Digital Theses Archive


Tesi etd-11092020-142642

Type of thesis
Predictability, Safety, and Security for FPGA System-on-Chip platforms
Scientific disciplinary sector
Istituto di Tecnologie della Comunicazione, dell'Informazione e della Percezione - PH.D. PROGRAMME IN EMERGING DIGITAL TECHNOLOGIES (EDT)
Membro Prof. Luca CARLONI
Membro Prof.ssa MITRA, TULIKA
  • Cyber-Physical systems
  • FPGA System-on-Chip
  • Heterogenous Computing
  • Mixed-critical systems
  • Safety-critical systems
Exam session start date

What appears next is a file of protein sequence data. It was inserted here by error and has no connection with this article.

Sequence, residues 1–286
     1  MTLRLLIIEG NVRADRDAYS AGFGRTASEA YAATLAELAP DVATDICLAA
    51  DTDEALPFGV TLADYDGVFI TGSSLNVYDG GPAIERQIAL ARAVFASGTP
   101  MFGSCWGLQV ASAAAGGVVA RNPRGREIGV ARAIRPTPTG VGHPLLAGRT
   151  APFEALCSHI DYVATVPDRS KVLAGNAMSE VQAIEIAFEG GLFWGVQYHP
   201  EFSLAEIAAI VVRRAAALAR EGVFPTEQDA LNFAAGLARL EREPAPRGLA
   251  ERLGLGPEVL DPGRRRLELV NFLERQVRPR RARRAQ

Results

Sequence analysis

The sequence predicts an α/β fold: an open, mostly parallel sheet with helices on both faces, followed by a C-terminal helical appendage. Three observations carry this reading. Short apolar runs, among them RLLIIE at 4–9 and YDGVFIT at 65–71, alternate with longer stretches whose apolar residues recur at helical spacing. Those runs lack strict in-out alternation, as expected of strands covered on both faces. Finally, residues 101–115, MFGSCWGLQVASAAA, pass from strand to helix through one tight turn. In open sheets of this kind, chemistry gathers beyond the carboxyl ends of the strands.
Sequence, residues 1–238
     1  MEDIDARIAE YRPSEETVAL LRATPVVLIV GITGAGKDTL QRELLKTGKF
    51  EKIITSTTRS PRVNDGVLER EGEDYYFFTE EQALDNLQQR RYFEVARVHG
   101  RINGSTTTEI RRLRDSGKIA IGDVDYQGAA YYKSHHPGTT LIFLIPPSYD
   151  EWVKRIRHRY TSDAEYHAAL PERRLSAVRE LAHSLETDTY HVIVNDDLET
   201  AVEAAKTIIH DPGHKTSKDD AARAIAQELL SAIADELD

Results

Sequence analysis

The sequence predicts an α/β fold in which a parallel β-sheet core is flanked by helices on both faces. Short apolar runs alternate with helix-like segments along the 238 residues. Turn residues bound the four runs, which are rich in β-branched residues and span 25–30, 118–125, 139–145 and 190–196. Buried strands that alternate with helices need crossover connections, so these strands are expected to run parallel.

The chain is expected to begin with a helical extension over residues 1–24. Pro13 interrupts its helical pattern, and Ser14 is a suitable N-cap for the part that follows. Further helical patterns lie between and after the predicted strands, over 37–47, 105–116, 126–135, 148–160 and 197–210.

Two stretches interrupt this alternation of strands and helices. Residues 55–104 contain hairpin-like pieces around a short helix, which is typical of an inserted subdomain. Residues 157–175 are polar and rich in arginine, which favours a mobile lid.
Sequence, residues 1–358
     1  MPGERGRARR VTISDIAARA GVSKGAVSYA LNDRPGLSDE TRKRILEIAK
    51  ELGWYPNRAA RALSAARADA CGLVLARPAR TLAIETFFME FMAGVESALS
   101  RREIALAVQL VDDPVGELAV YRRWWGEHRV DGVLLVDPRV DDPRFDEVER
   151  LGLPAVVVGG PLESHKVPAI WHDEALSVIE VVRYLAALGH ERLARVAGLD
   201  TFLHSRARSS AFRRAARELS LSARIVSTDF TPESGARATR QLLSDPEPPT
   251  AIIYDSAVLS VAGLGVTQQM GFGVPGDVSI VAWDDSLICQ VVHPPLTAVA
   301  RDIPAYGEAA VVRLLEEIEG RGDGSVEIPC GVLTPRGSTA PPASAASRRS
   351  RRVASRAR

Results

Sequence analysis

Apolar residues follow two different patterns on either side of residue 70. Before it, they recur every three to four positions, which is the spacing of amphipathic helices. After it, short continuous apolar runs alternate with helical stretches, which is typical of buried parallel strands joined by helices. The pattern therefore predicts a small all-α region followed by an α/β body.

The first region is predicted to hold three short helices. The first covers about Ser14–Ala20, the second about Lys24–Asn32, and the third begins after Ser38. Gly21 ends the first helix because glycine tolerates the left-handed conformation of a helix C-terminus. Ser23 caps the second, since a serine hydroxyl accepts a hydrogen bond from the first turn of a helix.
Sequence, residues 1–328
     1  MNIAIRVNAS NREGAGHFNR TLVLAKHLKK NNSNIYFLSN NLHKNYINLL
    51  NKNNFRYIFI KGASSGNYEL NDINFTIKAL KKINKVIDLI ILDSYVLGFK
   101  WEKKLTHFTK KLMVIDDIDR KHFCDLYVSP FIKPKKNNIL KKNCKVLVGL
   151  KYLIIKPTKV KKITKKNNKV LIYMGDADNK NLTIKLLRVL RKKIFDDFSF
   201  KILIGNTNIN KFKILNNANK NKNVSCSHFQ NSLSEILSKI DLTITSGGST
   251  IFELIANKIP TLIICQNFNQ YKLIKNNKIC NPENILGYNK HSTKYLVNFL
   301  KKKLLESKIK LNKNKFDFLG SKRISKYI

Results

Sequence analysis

In the last decade, the advancements in artificial intelligence and deep neural networks gave rise to new classes of embedded applications, including real-time language translators, autonomous robots, and self-driving cars. <br>Such systems typically combine high-performance requirements for the execution of deep neural networks with the energy efficiency, required for battery-powered systems.<br>Such multi-objective requirements made FPGA SoC platforms emerging as promising computing platforms for the implementation of next-generation cyber-physical systems (CPS) -- the reason is that FPGA platforms combine a traditional multi-processor subsystem with a programmable logic able to host high-performance, yet energy-efficient custom hardware accelerators enhancing the performance of some system functions. <br><br>However, performance and energy efficiency are not the only requirements demanded in next-generation CPS. Typically, CPS are required to fulfill the safety-critical requirements mandated by the certification process (i.e., predictability, fault-tolerance, etc.) and the requirements mandated by a security-critical system.<br><br>Unfortunately, commercial-off-the-shelf (COTS) FPGA SoC platforms are mainly developed for achieving high-performance objectives, rather than safety and timing predictability. <br>As an example, the most popular vendors of FPGA SoC platforms are generally not explicitly addressing timing predictability for hardware accelerators. <br>They either declare that no guarantee can be provided or design their platforms under the assumption that hardware accelerators always behave correctly when interacting with the rest of the system.<br>To further complicate the scenario, part of the standard security functionalities available for COTS FPGA SoC platforms (i.e. the hypervisor technologies) provide limited supervising functionalities for the hardware devices deployed in the FPGA fabric.<br><br>This thesis proposes a set of analysis and tools addressing such challenges, thus enforcing a predictable, safe, and secure execution of real-time applications on COTS FPGA SoC platforms.<br>At first, this thesis evaluates how the design choices made in popular COTS FPGA SoC platforms enable the generation of critical conditions threatening the predictability, safety, and security of the system.<br>In particular, it describes how a single misbehaving (i.e., buggy, faulty, malicious, etc.) hardware accelerator can dispose of multiple options to easily deviate the execution of one or multiple target hardware accelerator(s) from nominal conditions. <br>In such a condition, critical functionalities relying on hardware accelerators can be deviated from their nominal execution, up to missing their deadline --- this is unacceptable in any safety-critical system, preventing any timing analysis required for certification purposes. <br><br>Second, it studies each of the discovered threats and proposes a set of easy-to-integrate novel tools enforcing predictable, safe, and secure system execution, even in the presence of misbehaving hardware modules. Each proposed tool is supported by deep analyses conducted on commercial FPGA SoC platforms.<br><br>Third, it proposes a new concept of AXI interconnect called AXI HyperConnect, becoming a hypervisor-level component and integrating the novel tools proposed in this thesis. The AXI HyperConnect enforces a predictable, safe, and secure execution of the hardware accelerators and enables direct management of the devices deployed into the FPGA fabric in hypervisor technologies.<br><br>Finally, this thesis presents a timing analysis bounding the response times of hardware accelerators deployed in an arbitrary, hierarchical bus structure implemented on the FPGA fabric. The obtained results enable the worst-case execution time analysis of hardware accelerators to be deployed on commercial FPGA SoC platforms.<br><br><br>The advancements presented in this thesis are supported by a set of realistic experiments carried out on popular commercial FPGA SoC platforms, thus demonstrating the effectiveness of the proposed solutions for real applications.<br><br>This thesis advances the state-of-the-art providing the predictability, safety, and security features required in security- and safety-critical systems to COTS FPGA SoC platforms, thus enabling the development of safe and secure high-performance, yet energy-efficient computing systems. <br>The advancements proposed in this thesis directly impact the development of next-generation safety- and security-critical intelligent systems executing highly computational-demanding neural networks and that cannot be deployed on GPU SoC platforms due to safety/certification reasons. Examples of such systems are autonomous vehicles, advanced autonomous robots, and avionic systems.